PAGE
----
Updated - July 13
There are reports that many truck drivers are planning a work stoppage today at the ports of LA/LB and that they may also be blocking important routes to and from the terminals in protest of AB5. This could potentially have significant impact on drayage providers ability to service containers at the ports today, so we expect to see some pickup and empty return delays.
We do not believe that the terminals/ocean carriers will be making any exemptions on per diem due to these protests but will let you know if this changes. We are monitoring the situation closely and will let you know if there are any additional impacts that may come from these protests.
This past week, on June 30, 2022—the last day of the October 2021 term—the U.S. Supreme Court declined to review whether or not California’s worker classification law (known as Assembly Bill 5, or AB5) ran counter to the Federal Aviation Administration Authorization Act of 1994 (FAAAA) as it applies to truck drivers. This means that AB5 will become enforceable on the more than 100,000 trucking companies in California and an estimated 70,000 independent owner/operators.
While the overall impact of this law on trucking in California won’t be known for some time yet, many California trucking companies have been preparing for this day since AB5 was signed into law in September of 2019, or since it went into effect on January 1, 2020. Commonly known as “the gig worker bill,” AB5 was designed to offer protections to so called gig workers, such as those who drive for Uber, Lyft, DoorDash, et al. and the status of independent owner/operators in the trucking industry was in question from the beginning.
AB5 requires companies who contract with gig workers to reclassify them as employees and extend the benefits required by California law, such as overtime pay, healthcare, and more. The impact on Flexport customers is expected to be minimal as our partner carriers in California employ company drivers or otherwise pass the ABC test. The ABC test is a key component of AB5 that lays out the three conditions under which a worker is considered an independent contractor. Per Cornell Law School’s Legal Information Institute, these conditions are:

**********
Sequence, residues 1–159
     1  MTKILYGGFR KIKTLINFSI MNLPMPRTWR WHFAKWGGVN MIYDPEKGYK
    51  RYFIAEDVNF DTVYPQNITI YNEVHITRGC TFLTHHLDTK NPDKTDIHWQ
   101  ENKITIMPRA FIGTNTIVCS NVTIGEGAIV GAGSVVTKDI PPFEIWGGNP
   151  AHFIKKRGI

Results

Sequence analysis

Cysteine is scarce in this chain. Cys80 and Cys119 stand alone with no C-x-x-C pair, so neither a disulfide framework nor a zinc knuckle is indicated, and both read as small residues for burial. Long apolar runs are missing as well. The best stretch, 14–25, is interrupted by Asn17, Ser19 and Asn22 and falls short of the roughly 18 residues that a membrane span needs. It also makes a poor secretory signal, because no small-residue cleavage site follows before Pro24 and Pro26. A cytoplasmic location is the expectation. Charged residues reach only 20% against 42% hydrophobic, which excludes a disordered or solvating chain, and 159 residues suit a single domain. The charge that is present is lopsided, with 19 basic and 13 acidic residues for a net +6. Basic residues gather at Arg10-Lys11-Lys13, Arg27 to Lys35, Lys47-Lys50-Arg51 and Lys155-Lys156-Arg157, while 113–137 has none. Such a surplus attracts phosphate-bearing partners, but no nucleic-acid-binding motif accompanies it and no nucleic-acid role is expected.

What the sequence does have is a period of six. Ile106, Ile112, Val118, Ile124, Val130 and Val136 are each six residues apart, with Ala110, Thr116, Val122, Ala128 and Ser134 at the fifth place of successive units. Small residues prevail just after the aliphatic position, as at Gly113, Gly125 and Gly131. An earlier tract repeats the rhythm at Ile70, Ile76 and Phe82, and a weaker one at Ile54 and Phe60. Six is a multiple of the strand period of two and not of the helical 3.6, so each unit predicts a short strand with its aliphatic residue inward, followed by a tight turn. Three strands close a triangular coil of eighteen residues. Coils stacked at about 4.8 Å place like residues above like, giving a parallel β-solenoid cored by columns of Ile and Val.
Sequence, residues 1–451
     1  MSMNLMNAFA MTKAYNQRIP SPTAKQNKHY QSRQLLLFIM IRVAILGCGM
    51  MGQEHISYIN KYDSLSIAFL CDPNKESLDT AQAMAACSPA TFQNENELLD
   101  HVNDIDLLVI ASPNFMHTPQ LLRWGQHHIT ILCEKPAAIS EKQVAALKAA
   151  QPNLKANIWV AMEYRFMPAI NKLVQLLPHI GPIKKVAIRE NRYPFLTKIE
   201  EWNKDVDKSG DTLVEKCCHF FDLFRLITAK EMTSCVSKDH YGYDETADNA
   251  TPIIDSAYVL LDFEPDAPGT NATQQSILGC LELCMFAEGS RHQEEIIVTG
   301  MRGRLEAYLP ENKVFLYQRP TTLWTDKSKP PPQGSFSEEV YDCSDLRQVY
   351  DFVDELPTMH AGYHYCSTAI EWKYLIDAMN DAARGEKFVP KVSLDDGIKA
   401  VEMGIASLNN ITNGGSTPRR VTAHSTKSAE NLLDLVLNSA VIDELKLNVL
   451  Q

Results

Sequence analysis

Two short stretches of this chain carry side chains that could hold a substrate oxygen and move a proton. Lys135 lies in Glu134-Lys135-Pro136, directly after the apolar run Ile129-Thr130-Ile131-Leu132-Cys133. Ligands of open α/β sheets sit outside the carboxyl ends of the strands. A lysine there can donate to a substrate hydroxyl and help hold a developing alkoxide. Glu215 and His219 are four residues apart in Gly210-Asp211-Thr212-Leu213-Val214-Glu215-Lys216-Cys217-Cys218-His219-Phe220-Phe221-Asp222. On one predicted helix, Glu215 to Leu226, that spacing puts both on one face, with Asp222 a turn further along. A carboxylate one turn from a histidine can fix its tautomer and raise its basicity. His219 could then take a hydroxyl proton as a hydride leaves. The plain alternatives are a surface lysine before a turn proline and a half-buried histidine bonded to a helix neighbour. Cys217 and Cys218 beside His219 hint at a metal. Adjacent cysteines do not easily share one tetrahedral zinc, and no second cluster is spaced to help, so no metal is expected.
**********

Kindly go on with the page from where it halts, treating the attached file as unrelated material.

- The worker is free from the employer's control or direction in performing the work.
- The work takes place outside the usual course of the business of the company and off the site of the business.
- Customarily, the worker is engaged in an independent trade, occupation, profession, or business.
Trucking companies have been preparing for this ruling and are prepared to convert to one of these models to comply:
- Convert owner ops to employees so they receive benefits from trucking companies - this is unlikely as drivers own the trucks and want flexibility to move around.
- Become brokers or freight forwarders - that have broker <> carrier contracts with drivers - drivers stay independent but broker will still manage dispatch for a pool of single truck carriers. As long as dispatch is not forced, the rule may not apply.
AB5 along with CARB (emissions) regulations affecting the age of trucks that are able to operate in CA are going to have a big impact on the industry in CA - starting in 2023 many trucks are going to be forced off the road due to age to comply with CARB. There are also new emissions taxes being levied on warehouses in SoCal starting in 2023 based on the truck traffic (known as the Indirect Source Rule / Warehouse Rule 2305).
The impact of the Supreme Court’s action, or lack of action in this case, will likely take shape over the coming months. For more context on AB5 please see these industry takes from FreightWaves and the Journal Of Commerce.
About the Author
NAM Director of Trucking Procurement
NAM Director of Trucking Procurement at Flexport, with +25 years logistics experience in operations and procurement.